Since then I have been a teacher in many public and one private school. There are lots of poor excuses for why teachers make less than other professions, professions where you get on-the-job training, not on-your-own-time, on-your-on-dime-training, but that’s another discussion for another time-as a friend of mine used to say. I was also a city council aide when it had no job protections-I mean none, but it is now a part of IFPTE, Local 21. My experience as a city council aide was one of the reasons that the union was organized by other aides.

So back to BART, or back to unions and the point of supporting one of the only remaining institutions standing between us and the New Feudalism, the new indentured servitude, the sharecropping that we now call work, the unpaid internships, the low paid fellowships, the temping, and, not to be left out, the sort of pay we get when we work for non-profits with their tiny margins and gaping needs for unpaid extra hours. Here’s to contracting and free-lancing, the New American Nightmare of Lifelong Austerity, the Permanent Recession OR here’s to organizing and fighting together for real benefits. Here’s to a dignified retirement.

Yeah, maybe you’re not in a union since most of the above luckless “careers” don’t have them. But the union movement fights to get them for you, and they continue to fight to stanch the loss of workers’ rights, all workers. They are all that stands between us and the triumph of oligarchy.

Some unions may have become big and unwieldy but, public sector unions especially, are now made up primarily of women, immigrants, and people of color who know the struggles of folks who never had much power or wealth. Hey, maybe that’s one reason they get less respect than they used to-they no longer look like the average 1 percenter.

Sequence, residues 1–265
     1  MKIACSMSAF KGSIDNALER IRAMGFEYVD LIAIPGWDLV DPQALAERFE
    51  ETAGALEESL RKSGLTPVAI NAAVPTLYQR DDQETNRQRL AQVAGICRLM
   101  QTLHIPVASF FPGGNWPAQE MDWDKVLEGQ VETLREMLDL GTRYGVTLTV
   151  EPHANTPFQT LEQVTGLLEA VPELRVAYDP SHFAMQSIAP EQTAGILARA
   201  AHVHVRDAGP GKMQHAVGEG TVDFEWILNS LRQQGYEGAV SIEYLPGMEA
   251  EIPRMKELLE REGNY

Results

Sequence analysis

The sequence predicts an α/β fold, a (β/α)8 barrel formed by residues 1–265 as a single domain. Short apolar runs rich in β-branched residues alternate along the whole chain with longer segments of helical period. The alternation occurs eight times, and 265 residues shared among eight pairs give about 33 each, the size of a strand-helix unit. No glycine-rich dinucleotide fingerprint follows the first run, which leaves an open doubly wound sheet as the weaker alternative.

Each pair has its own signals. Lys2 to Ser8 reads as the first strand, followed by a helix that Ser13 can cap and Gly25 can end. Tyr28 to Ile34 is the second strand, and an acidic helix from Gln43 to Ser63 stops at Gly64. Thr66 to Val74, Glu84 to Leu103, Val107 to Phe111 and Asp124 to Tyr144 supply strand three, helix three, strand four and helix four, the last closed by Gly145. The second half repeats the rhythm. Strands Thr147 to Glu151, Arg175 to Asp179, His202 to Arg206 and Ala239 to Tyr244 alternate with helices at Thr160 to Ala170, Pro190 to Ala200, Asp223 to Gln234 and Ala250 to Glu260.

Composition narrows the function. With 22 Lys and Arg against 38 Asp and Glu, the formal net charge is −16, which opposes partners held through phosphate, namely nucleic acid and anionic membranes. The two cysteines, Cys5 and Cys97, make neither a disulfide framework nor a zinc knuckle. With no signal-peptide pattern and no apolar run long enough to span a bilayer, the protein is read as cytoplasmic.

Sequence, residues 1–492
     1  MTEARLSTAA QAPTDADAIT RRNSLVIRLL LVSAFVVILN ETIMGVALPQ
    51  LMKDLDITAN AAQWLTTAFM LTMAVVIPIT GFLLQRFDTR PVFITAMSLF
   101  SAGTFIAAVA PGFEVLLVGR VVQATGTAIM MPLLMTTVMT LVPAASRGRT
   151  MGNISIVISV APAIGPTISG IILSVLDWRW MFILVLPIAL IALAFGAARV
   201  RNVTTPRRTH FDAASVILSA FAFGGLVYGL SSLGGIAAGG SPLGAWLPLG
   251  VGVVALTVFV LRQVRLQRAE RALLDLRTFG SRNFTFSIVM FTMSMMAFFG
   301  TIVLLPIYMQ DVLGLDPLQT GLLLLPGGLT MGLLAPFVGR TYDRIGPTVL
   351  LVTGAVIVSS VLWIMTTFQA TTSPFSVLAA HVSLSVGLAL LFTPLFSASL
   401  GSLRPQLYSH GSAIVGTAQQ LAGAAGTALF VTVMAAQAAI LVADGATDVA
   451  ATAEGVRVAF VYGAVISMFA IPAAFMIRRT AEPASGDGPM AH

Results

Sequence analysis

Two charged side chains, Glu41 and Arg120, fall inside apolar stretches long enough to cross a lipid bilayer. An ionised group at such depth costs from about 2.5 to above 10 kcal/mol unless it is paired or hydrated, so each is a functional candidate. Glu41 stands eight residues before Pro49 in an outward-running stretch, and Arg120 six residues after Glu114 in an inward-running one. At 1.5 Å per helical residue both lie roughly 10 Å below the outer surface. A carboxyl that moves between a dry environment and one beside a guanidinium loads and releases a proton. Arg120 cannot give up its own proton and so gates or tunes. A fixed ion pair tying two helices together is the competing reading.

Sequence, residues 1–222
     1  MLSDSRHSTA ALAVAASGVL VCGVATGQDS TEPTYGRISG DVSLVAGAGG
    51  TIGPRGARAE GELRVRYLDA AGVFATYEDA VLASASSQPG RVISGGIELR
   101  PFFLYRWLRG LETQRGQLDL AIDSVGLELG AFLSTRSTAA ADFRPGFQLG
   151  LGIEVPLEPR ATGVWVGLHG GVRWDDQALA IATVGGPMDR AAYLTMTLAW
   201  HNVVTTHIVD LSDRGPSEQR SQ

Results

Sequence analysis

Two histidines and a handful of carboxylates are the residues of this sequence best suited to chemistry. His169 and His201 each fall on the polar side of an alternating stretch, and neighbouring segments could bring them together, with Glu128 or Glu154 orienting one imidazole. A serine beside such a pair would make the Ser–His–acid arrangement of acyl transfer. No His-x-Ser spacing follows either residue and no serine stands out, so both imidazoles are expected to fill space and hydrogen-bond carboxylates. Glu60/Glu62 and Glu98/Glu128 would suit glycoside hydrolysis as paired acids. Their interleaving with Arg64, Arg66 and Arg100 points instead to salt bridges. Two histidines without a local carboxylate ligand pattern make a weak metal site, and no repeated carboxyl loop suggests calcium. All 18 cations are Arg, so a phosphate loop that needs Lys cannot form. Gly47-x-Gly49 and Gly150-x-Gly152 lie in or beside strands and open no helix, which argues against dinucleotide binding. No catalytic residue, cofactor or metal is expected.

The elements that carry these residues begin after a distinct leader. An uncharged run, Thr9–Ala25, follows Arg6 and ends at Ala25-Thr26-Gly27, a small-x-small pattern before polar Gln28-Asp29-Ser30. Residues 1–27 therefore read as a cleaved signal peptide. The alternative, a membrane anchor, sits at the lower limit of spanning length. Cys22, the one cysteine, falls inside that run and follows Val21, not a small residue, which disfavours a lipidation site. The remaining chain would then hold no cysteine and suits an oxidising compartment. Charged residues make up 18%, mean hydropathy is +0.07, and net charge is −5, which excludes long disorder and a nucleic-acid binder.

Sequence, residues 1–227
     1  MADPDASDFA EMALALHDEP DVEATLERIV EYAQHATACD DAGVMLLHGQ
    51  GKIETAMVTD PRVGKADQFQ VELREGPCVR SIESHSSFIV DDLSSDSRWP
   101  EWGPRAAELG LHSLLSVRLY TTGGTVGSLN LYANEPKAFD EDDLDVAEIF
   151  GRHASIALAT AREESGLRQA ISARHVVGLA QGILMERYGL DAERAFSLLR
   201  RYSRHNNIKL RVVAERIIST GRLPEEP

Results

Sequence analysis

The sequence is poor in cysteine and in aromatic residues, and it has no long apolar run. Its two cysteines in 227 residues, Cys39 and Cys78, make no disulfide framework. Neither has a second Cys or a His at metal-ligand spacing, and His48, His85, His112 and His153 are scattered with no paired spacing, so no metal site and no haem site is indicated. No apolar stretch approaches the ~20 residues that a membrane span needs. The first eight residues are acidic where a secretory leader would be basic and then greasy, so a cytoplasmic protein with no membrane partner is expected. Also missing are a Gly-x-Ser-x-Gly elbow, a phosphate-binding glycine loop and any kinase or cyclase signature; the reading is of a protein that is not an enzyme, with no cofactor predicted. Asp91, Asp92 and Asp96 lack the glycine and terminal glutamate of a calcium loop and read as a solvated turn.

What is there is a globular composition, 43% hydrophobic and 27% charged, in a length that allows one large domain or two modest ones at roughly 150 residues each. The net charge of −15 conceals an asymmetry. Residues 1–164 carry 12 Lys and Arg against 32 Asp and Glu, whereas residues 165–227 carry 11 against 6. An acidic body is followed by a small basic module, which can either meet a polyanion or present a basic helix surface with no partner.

Back to union-busting, the real growth industry. Is it union busting to ask people to pay a little more of their family’s healthcare costs or their retirement benefits? It can’t be union busting then to offer a wage increase in return for an increase in the cost of pensions and doctor’s visits. Nah, don’t call it union busting then-just call it union neutering.

Why would you offer something with one hand while trying to take away a bit with the other, maybe you’ll get a little raise but in the process you’re giving up some security in the future. Why do you think they do it? Is it some kind of shell game? Yes, it is. It’s a game that says, you once had the benefits of a dignified retirement but we’re betting we can chip away at that by offering a few pennies to spend right now since you were so accommodating when times were hard. Why, you even worked harder for less pay.

Okay, so maybe BART needs that money, that surplus I’ve read about, to buy more cars and upgrade the system so many of us depend upon. Then I want the BART board to come out and tell us that, explain to us exactly what the options are, hold public meetings and let the taxpayers, the riders, the workers among us who believe in solidarity for our own sakes, what is at stake.

Don’t hire creepy law-breaking negotiators whose job it is to obfuscate, delay and frustrate the union folk, our neighbors. People don’t strike because they enjoy losing days at work.

I’m calling on Robert Raburn and Rebecca Saltzman, folks I’ve put my trust in, to come to us and lay BART’s cards on the table. I’m certainly going to remember Zachary Mallett, should he ever come before me for an endorsement, for denouncing the ATU and the SEIU workers who gave back in hard times. And I thank James Fang for walking the picket line and realizing that it was a mistake to leave the board out of negotiations. We elected a progressive board and we expect them to act like one. Trust us, your constituents, to see the wisdom in your decisions by letting us see you make them.